I hope I can bring these two disparate ideas together. Here goes!

I will first talk about implicit methods which are used for stiff differential equations. Here is an introduction which may help some in following my introduction. I discuss heat flow and its calculation as a motivation for these mathematical calculation techniques. The stuff immediately below, however introduces the same mathematical problem with a simpler fanciful problem.

### A Word Problem

Suppose we have a row of trees and we are told that each tree, a year hence, will have grown by an amount that is 25% of the sum of the new heights of its two neighbors. The two end trees will not grow.

We can give meanings to the numbers used in the heat flow scheme. Our algorithm passes over the trees first from left to right and then from right to left. During the rightward pass, we know how high a tree will be as a linear formula involving only the new height of the tree to its right. From this state of knowledge we can, with just a few arithmetic operations, proceed to the state where we know the same for the next tree. When we have done this for the next to last tree we know its new height for the new height of the last tree is given. We can now pass to the left employing the formula we left behind at each tree, computing its new hight in light of the now known hight to the tree to its right.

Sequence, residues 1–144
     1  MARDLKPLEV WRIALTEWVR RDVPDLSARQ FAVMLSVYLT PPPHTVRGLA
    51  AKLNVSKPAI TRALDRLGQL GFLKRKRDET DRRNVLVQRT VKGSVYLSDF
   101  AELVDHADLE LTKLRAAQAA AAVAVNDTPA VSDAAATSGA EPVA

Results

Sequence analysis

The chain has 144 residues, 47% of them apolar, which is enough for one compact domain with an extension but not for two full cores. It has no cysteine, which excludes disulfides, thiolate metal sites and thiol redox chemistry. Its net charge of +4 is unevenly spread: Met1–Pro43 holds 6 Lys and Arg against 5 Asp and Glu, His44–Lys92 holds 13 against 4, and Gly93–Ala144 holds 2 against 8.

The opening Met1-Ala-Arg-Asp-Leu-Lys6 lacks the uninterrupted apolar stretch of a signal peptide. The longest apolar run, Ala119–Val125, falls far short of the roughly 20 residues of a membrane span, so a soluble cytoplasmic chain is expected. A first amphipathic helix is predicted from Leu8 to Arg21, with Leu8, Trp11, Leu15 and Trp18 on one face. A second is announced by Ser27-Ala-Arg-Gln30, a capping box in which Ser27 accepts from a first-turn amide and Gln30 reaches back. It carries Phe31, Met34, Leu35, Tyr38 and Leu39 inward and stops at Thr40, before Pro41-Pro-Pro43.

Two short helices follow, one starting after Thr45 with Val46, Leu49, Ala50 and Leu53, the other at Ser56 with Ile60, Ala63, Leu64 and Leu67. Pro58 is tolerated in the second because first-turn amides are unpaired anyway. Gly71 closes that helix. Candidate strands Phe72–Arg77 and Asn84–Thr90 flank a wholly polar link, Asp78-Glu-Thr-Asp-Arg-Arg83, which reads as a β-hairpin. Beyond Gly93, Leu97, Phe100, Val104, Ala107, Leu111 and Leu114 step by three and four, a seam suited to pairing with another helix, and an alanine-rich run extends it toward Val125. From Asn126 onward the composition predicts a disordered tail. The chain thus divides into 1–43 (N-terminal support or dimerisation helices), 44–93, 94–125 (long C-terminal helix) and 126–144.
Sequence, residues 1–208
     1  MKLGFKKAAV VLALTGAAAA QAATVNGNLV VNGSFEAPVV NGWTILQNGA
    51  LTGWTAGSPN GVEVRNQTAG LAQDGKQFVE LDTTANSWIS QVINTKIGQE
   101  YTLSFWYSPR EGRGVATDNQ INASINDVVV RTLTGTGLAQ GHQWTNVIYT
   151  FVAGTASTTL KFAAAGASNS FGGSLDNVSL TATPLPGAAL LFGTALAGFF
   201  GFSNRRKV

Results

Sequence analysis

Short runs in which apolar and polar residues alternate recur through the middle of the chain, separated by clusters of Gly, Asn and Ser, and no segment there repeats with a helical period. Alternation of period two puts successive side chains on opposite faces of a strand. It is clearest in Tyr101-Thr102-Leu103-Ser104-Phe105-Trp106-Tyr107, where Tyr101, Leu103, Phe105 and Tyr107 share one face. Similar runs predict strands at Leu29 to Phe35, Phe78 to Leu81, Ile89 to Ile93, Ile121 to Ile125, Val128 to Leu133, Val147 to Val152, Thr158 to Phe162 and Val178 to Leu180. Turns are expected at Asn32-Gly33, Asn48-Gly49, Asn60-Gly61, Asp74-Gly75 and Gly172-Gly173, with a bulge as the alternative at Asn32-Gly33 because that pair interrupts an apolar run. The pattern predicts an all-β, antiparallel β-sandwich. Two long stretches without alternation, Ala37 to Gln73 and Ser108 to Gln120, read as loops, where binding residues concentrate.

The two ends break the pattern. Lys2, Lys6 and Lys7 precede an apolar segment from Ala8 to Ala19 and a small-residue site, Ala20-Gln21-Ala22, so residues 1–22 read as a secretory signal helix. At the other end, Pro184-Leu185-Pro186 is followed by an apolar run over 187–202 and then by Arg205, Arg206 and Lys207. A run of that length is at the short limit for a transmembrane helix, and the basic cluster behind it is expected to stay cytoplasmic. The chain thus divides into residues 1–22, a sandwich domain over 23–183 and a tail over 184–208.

This reasoning amounts to thinking about the meanings of the expressions that we are taught to manipulate in the algebra class recalled above. The messages (A B L) towards the right, between neighboring trees means:

I will be this tall: A + B*(how ever tall you turn out to be.) Please reply how tall that makes you and these here (L) farther neighbors? (L is the list of trees to your right.)
The returned messages mean:
Here is the list of heights, me first.
Let fh and lh be the heights of the first and last trees. Let lst be a list of triples, one triple for each tree, from left to right, except for the first and last trees. For each tree the triple (x y z) means that the new height of this tree will be
x*(new height of tree to left) + y + z*(new height of tree to right). Then (solve lst fh lh) returns the list of new heights.

The calculations for a and b come from these considerations:
We call my new unknown height “h”. We call my neighbor’s new unknown height “q”.
h = x*(A+B*h) + y + z*q
(1 – x*B)*h = x*A + y + z*q
h = (x*A + y)/(1 – x*B) + (z/(1 – x*B))*q = a + b*q
where a = (x*A + y)/(1 – x*B)
and b = z/(1 – x*B)

```(define (solve lst fh lh) (cons fh
(let qry ((A fh)(B 0)(L lst))
(if (null? L) (list lh)
(let* (
(v (car L))
(x (car v))
(r (/ ( - 1 (* x B))))
(a (* (+ (* x A) y) r))
(b (* z r))
(resp (qry a b (cdr L))))
(cons (+ a (* b (car resp))) resp)
)))))
; A check:
(define (evl ls ans) (if (null? ls) '()
(cons